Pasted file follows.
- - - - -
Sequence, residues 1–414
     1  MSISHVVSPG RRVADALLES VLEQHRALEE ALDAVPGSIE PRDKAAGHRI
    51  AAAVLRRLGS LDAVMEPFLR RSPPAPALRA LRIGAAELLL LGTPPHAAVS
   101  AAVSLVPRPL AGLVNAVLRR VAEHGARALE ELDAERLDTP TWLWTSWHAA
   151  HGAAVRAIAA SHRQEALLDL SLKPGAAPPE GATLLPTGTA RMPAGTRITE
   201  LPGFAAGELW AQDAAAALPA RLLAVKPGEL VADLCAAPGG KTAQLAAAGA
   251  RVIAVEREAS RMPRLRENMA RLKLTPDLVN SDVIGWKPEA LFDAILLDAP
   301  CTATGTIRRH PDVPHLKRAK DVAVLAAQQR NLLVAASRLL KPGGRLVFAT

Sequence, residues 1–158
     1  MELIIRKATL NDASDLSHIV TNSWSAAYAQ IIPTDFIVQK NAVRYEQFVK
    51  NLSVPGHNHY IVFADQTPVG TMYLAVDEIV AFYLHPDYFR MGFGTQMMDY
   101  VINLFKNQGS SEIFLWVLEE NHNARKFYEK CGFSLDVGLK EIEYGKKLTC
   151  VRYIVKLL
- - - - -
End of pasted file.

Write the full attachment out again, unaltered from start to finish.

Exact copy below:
Sequence, residues 1–414
     1  MSISHVVSPG RRVADALLES VLEQHRALEE ALDAVPGSIE PRDKAAGHRI
    51  AAAVLRRLGS LDAVMEPFLR RSPPAPALRA LRIGAAELLL LGTPPHAAVS
   101  AAVSLVPRPL AGLVNAVLRR VAEHGARALE ELDAERLDTP TWLWTSWHAA
   151  HGAAVRAIAA SHRQEALLDL SLKPGAAPPE GATLLPTGTA RMPAGTRITE
   201  LPGFAAGELW AQDAAAALPA RLLAVKPGEL VADLCAAPGG KTAQLAAAGA
   251  RVIAVEREAS RMPRLRENMA RLKLTPDLVN SDVIGWKPEA LFDAILLDAP
   301  CTATGTIRRH PDVPHLKRAK DVAVLAAQQR NLLVAASRLL KPGGRLVFAT

Sequence, residues 1–158
     1  MELIIRKATL NDASDLSHIV TNSWSAAYAQ IIPTDFIVQK NAVRYEQFVK
    51  NLSVPGHNHY IVFADQTPVG TMYLAVDEIV AFYLHPDYFR MGFGTQMMDY
   101  VINLFKNQGS SEIFLWVLEE NHNARKFYEK CGFSLDVGLK EIEYGKKLTC
   151  VRYIVKLL